Death is an inevitable part of life.
It is a natural process when a person’s life comes to an end. However, the loss of a loved one is painful, regardless of age or cause.
In Singapore, the death rate (age-standardised) has been declining and reached its lowest point in 2020 at 2.8 deaths per 1,000 residents.
What caused these deaths?
This article provides information about the top 10 causes of death in Singapore, as reflected in the latest statistics.
So, read on!
A Short Summary
The number one cause of death in Singapore is cancer, followed by pneumonia and ischaemic heart diseases.
There’s much more to learn though. So, read on further.
How Many Deaths Are There in a Year?
In 2020, Singapore had a population of 5,685,800, of which 4,044,200 were Singapore Residents (Citizens and Permanent Residents).
This roughly means that about 57 deaths are happening every day; 2-3 deaths every hour; one death every 25 minutes.
The crude death rate has been increasing as well. It was 4.5 deaths per thousand residents in 2000 and 5.2 in 2020.
While the number of deaths and the crude death rate have increased, it doesn’t necessarily mean that the average Singaporean has a higher chance to die now.
Because of Singapore’s ageing population (a growing proportion of elderly people), more deaths are occurring. And thus, the numbers are “skewed”.
When we look at the specific-age death rate and the age-standardised death rate, we can see that they are decreasing.
This is reflective of the improvements made in the health and mortality in Singapore. And is also why Singaporeans have a longer life expectancy now.
The Top 10 Causes of Death in Singapore
Here’s a list of the top 10 causes of death in Singapore:
|Causes||Percentage of Total Deaths|
|Ischaemic heart diseases||18.8%|
|Cerebrovascular diseases (including stroke)||5.8%|
|External causes of morbidity and mortality||4.0%|
|Nephritis, nephrotic syndrome & nephrosis||3.1%|
|Hypertensive diseases (including hypertensive heart disease)||2.6%|
|Urinary tract infection||2.3%|
|Other heart diseases||2.0%|
|Chronic obstructive lung disease||1.4%|
Cancer is still the leading cause of death in Singapore, accounting for 28.4% of all deaths. It’s also one of the most common critical illnesses.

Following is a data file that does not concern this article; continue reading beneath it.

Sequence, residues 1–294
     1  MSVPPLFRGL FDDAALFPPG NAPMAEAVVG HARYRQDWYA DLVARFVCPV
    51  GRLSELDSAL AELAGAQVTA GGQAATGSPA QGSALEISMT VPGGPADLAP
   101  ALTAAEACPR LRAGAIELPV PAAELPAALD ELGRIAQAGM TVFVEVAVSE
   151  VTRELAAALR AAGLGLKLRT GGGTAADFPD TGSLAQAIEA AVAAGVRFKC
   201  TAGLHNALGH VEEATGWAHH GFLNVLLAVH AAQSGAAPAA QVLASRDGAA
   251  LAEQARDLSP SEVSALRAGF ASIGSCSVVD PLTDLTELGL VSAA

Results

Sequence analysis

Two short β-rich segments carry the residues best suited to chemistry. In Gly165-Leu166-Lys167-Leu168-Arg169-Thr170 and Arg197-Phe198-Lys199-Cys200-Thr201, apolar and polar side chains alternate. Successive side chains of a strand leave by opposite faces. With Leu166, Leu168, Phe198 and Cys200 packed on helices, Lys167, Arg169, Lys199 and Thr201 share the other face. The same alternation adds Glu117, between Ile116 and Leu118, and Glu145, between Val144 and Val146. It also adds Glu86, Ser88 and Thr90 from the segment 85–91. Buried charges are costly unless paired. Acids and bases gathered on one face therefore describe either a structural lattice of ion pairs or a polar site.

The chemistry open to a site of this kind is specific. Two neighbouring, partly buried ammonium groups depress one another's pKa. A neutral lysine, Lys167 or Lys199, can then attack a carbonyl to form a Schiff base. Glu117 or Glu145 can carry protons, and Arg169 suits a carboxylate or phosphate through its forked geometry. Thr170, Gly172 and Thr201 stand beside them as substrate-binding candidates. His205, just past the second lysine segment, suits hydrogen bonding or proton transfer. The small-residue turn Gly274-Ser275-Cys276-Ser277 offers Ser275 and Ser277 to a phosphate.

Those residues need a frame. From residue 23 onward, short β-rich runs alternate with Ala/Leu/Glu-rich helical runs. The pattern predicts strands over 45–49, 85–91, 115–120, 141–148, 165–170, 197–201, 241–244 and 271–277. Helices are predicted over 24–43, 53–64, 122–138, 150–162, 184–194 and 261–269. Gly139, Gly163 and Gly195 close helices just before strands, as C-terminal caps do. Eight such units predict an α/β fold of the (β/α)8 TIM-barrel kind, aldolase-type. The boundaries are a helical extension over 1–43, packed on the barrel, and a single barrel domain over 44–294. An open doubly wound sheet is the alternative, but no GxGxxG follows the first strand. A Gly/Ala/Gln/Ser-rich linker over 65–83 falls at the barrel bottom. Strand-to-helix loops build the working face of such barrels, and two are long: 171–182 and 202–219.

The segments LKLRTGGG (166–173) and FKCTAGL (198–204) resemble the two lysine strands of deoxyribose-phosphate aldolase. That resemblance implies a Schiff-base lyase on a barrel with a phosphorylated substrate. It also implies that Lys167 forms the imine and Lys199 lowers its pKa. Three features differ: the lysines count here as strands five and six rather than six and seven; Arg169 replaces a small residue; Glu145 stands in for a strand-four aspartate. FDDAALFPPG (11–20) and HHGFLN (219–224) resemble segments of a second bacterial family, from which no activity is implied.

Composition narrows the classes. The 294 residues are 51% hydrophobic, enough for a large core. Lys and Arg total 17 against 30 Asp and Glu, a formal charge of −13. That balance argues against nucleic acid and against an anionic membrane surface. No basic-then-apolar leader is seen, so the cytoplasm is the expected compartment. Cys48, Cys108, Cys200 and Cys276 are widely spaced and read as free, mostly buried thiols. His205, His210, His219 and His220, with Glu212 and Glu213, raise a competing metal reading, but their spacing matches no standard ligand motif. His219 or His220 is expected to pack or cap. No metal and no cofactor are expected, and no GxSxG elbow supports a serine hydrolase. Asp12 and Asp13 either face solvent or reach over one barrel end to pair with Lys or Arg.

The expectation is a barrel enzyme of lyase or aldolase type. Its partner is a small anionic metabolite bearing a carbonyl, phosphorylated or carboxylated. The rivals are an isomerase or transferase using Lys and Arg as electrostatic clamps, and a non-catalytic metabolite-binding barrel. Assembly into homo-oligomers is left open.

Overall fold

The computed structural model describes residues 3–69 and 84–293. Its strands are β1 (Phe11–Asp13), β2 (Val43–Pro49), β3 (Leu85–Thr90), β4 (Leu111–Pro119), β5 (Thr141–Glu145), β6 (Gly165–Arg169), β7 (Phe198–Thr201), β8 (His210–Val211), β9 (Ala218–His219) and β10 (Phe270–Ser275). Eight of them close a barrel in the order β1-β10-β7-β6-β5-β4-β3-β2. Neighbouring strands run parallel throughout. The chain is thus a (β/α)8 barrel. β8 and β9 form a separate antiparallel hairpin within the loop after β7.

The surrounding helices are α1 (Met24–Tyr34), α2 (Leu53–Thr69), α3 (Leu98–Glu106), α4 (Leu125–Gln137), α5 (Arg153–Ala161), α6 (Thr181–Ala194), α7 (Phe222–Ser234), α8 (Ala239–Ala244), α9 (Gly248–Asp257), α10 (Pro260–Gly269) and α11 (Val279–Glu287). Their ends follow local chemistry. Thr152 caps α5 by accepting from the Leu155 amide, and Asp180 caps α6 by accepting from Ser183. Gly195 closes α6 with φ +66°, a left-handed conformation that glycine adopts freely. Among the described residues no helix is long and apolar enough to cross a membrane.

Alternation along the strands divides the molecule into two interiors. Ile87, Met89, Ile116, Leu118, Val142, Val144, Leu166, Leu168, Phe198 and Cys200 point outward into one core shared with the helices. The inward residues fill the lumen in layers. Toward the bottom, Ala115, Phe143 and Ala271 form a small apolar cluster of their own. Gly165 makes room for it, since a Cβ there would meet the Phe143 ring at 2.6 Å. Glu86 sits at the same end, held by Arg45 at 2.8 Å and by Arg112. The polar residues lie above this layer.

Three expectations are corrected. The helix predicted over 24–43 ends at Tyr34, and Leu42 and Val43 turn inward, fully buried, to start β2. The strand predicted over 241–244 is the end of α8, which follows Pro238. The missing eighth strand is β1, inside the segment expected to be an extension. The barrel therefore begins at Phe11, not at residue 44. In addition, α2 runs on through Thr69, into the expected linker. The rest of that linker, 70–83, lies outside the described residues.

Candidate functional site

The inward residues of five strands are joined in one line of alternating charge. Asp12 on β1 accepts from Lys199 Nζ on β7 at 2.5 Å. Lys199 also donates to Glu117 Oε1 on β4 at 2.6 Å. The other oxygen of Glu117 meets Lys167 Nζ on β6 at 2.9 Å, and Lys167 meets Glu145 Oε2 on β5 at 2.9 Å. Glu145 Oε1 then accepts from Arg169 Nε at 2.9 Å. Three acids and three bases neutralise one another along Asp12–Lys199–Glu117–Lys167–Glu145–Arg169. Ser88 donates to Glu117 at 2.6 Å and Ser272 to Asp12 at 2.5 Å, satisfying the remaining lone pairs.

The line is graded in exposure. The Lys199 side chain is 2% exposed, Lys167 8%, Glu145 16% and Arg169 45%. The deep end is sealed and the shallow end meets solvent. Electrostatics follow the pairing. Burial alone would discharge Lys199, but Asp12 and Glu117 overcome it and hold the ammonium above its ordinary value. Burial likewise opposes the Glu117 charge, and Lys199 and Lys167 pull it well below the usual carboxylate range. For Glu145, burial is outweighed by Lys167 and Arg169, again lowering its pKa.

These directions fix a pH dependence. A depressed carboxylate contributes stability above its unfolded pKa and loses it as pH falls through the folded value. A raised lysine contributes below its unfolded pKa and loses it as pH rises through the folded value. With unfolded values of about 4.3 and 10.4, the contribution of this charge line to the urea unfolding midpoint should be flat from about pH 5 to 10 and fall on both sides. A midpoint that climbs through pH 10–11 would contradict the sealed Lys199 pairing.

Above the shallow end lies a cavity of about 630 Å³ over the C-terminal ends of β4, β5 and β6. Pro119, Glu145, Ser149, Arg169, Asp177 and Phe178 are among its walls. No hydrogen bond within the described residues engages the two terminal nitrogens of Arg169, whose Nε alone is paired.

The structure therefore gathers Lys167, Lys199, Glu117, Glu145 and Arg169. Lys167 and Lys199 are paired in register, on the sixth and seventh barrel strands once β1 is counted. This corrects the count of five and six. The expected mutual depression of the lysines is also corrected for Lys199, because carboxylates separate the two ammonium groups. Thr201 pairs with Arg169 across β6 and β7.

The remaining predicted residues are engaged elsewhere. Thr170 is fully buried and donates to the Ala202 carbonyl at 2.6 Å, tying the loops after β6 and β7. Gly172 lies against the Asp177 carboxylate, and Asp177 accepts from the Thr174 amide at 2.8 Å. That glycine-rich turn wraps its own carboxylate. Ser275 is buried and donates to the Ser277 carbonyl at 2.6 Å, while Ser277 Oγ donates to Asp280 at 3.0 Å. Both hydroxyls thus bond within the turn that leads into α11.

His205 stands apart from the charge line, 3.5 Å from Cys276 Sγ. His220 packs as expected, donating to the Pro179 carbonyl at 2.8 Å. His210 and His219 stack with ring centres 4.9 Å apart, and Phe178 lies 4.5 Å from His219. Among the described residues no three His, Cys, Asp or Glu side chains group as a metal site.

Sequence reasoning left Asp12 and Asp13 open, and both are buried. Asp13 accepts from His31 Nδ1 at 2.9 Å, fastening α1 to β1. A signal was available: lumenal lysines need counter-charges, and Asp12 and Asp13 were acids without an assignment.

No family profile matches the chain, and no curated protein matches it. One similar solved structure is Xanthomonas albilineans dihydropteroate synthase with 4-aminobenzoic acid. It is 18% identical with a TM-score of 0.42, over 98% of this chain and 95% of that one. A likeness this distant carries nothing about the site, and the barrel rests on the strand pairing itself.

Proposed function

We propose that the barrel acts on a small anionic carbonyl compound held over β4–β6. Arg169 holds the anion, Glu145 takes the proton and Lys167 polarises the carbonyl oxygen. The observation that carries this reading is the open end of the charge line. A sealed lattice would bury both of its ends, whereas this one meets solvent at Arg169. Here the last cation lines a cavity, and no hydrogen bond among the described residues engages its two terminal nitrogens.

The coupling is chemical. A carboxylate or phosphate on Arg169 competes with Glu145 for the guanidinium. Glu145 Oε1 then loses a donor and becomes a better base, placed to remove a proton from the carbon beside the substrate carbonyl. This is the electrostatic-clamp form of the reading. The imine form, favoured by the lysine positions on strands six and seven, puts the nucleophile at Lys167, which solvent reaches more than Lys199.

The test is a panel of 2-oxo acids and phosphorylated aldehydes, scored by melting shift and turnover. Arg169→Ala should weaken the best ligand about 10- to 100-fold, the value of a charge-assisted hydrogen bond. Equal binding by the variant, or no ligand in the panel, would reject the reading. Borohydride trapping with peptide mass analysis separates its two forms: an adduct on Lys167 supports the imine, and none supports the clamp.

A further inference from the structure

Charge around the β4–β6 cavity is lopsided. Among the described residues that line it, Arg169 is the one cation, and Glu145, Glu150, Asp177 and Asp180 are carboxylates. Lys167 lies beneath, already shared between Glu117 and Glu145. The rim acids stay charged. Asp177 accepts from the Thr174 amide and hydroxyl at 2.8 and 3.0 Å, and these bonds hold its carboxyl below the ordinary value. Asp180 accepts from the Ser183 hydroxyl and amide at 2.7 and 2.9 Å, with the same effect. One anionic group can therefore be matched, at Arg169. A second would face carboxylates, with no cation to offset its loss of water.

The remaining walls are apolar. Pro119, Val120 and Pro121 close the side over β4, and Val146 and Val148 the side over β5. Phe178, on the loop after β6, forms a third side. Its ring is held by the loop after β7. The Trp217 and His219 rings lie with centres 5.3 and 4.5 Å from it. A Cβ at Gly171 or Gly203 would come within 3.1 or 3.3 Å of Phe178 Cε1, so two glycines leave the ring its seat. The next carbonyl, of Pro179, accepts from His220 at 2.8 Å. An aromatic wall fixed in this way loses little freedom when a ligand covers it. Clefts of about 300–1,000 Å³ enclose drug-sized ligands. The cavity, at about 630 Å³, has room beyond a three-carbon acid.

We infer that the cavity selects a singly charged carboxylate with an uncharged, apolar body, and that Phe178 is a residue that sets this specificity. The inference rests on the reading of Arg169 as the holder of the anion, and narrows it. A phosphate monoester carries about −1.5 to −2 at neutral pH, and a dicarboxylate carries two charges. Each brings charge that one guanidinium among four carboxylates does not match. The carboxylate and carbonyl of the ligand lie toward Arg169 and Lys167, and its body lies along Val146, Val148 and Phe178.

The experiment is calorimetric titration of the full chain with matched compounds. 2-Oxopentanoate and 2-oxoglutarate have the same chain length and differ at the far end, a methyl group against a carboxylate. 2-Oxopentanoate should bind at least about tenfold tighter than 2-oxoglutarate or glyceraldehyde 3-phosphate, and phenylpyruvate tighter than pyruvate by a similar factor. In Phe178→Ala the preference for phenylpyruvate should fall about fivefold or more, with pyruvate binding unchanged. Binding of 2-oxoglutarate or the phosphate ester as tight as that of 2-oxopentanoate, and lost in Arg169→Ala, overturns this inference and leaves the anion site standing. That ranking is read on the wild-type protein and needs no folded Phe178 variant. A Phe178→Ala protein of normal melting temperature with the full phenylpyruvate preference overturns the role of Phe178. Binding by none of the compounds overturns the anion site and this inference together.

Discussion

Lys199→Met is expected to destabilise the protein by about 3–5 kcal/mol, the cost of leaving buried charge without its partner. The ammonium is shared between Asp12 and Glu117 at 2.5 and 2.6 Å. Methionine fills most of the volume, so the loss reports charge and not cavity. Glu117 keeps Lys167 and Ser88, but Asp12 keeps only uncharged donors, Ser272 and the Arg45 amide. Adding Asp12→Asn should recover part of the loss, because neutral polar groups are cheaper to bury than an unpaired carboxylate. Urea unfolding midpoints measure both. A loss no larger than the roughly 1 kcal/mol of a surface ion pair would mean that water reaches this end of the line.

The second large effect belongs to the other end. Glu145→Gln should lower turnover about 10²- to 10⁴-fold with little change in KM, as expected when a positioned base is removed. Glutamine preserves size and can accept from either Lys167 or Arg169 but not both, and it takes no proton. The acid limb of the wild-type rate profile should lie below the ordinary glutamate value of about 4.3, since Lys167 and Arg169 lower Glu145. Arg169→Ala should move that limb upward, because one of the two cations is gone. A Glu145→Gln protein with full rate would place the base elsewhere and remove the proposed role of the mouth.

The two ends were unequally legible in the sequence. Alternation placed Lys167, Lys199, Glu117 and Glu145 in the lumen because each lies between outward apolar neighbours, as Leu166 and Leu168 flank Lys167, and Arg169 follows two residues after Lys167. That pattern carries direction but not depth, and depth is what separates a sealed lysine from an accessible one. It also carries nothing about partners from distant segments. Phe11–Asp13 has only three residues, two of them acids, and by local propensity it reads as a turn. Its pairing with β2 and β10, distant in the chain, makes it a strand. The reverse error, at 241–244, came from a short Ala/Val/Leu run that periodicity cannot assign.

It’s followed by Pneumonia and Ischaemic Heart Diseases accounting for 20.7% and 18.8%, respectively.
Just these 3 causes make up 67.9% of total deaths.
And when we sum up the top 10 causes, the total percentage equates to 89.1%. This meant that only 10.9% are from other causes.
Of the total deaths, illnesses and diseases made up the majority whereas external causes made up only 4%.
The Big 3
Since the top 3 causes make up the majority, it’s worth talking about them more.
Cancer is a disease that affects the body in various ways, depending on the type of cancer.
While it’s normal for cells to grow and get replaced through division. When this division becomes uncontrollable, cells may grow and develop abnormally.
The cancerous cells could form a tumour and potentially spread to other parts of the body through multiple ways.
The likelihood of developing cancer is 1 for every 4 to 5 Singaporeans by the age of 75.
Why is the incidence rate so high?
There’s no one exact cause of cancer as there are many risk factors. Here are some of them:
- excessive drinking
- sun & UV exposure
- unhealthy diet & lifestyle habits
- family history of cancer
So while we can’t change our genetic makeup, we can reduce the risk of cancer by employing healthy living habits.
In addition, with regular screening, early detection of cancer can be made. Doing so can increase the likelihood of survival.
Pneumonia is an infection of the lungs that results from inflammation due to bacteria, viruses, fungi or other harmful substances.
It is characterised by symptoms such as fever, shortness of breath, cough and chest pain.
Individuals who have a weaker immune system are more susceptible to develop severe pneumonia. Here are a few groups:
- Young children
- Elderly aged 65 or older
- HID/AIDS patients
- People with chronic medical conditions
It is most commonly associated with infectious respiratory diseases such as influenza.
3) Ischaemic Heart Diseases
Ischaemic heart disease is also known as coronary artery disease.
The coronary arteries are responsible to supply blood to the heart. And the term “ischaemic” means “inadequate blood flow”.
So to put it simply, once these arteries are narrowed or “blocked” due to a buildup of plague, cholesterol etc, it can lead to a heart attack which is potentially fatal.
The risk factors include smoking, high blood pressure, obesity, high cholesterol and diabetes.
Depending on the situation, there are 2 main treatments.
The first is angioplasty with stenting. Basically a “balloon” is inflated to widen the narrowed artery. This process usually comes with a stent to lock in the position so that the artery remains open for continuous blood flow.
The second is a coronary artery bypass surgery. It creates a new route of blood flow that bypasses the “clogged” section of the artery from another section of the body.
Death Is Unpredictable
Death is a painful process, and we never know when it will strike. So we should make the best use of our remaining time for ourselves and our families and enjoy life to the fullest.
At the same time, we should also prepare for the worst by ensuring our loved ones will be looked after and reducing/eliminating any financial burden in the event of our death.
If you’re one of the few many people who are not covered for death or critical illnesses, you may be leaving yourself vulnerable to the financial hardship that comes with such a situation. Therefore, it is best to have sufficient life insurance coverage. Check how much you need with our calculator.
Also, it will ensure income is replaced so that your family is adequately provided for in the event of a premature death.